The great American film critic Manny Farber memorably declared space to be the most dramatic stylistic entity in the visual arts. He posited three primary types of space in fiction cinema: the field of the screen, the psychological space of the actor, and the area of experience and geography that the film covers. This book brings together five French directors who have established themselves as among the most exciting and significant working today: Bruno Dumont, Robert Guediguian, Laurent Cantet, Abdellatif Kechiche, and Claire Denis. It proposes that people think about cinematographic space in its many different forms simultaneously (screenspace, landscape, narrative space, soundscape, spectatorial space). Through a series of close and original readings of selected films, it posits a new 'space of the cinematic subject'. Dumont's attraction to real settings and locality suggests a commitment to realism. New forms and surfaces of spectatorship provoke new sensations and engender new kinds of perception, as well as new ways of understanding and feeling space. The book interrogates Guediguian's obsessive portrayal of one particular city, Marseilles. Entering into the spaces of work and non-work in Cantet's films, it asks what constitutes space and place within the contemporary field of social relations. The book also engages with cultural space as the site of social integration and metissage in the work of Kechiche, his dialogues with diasporic communities and highly contested urban locales. Denis's film work contains continually shifting points of passage between inside and outside, objective and subjective, in the restless flux.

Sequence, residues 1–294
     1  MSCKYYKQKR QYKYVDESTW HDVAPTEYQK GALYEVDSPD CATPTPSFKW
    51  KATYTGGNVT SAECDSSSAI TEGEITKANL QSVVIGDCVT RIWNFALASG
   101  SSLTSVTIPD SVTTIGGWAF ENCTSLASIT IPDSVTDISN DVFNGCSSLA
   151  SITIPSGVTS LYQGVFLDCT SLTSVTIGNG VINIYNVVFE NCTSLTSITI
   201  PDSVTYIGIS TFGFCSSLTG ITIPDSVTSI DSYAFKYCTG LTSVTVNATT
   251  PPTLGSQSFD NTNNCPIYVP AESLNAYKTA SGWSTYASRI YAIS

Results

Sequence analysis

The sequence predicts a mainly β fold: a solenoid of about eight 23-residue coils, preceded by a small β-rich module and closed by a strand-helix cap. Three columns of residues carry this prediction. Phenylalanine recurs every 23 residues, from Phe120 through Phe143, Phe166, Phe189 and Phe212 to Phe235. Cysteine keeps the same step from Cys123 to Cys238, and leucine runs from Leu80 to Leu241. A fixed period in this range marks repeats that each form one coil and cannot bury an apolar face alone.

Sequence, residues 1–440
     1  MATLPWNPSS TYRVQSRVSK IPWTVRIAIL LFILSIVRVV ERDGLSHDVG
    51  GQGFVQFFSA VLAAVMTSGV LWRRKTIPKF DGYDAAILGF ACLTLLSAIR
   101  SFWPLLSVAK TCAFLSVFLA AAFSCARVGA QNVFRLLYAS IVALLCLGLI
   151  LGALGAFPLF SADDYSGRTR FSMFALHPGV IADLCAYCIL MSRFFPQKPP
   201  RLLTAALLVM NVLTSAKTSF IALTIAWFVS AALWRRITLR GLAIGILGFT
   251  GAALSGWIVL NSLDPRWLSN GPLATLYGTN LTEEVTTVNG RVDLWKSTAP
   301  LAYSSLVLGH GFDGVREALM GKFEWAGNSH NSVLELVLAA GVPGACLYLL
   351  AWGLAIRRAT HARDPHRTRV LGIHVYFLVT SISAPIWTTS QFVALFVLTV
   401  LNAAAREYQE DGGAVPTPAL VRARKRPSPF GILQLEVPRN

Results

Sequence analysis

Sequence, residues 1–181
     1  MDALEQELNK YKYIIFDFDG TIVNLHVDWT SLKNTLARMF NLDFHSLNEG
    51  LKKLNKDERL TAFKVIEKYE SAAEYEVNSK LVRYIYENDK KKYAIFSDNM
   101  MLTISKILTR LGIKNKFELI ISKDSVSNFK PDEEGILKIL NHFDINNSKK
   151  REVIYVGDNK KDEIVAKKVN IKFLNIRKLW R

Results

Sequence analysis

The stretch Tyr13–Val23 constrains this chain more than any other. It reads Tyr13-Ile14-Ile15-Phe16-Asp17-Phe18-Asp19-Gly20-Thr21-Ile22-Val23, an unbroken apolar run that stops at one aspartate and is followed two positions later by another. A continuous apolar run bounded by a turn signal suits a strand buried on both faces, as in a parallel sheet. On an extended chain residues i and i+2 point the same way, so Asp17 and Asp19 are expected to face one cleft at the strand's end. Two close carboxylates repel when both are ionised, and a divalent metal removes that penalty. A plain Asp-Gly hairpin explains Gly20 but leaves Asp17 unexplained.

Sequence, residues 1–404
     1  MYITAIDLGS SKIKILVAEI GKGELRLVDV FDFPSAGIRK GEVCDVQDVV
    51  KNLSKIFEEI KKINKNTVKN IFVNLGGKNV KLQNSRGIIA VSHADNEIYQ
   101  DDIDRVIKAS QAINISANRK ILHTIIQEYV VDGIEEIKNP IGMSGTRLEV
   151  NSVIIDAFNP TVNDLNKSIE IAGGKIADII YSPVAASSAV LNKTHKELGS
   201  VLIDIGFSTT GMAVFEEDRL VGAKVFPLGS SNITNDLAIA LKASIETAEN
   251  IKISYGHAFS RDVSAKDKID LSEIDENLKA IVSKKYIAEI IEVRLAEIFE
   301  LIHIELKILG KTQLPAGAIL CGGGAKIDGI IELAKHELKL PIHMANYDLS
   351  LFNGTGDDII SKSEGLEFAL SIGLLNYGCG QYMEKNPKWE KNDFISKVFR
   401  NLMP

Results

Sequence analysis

When The Life Story of David Lloyd George (Maurice Elvey, 1918) was screened in 1996 it was greeted as a rediscovered masterpiece. Discovered in the house of Lloyd George’s grandson, it was as if it had sprung from nowhere. But there was a precedent for this incipient biopic, a high-budget long feature which also juxtaposed mass scenes with an intimate focus on the private life of a famous political figure. This earlier film played at the new picture palaces of 1913 and 1914 throughout the UK to packed audiences. It received substantial media acclaim. The epic portrayed the most revered ‘star’ of recent British history. Its subject was the life and times of the monarch who had presided over an age of imperial expansion, a reign associated with progress in science, education, industry and European diplomacy. The film was Sixty Years a Queen (1913), alternatively titled The Life and Times of Queen Victoria. Its two producers were William George Barker, an experienced filmmaker and the owner-manager of a flourishing studio at Ealing, and George Berthold Samuelson, a successful film agent and the driving force in bringing the royal story to the screen.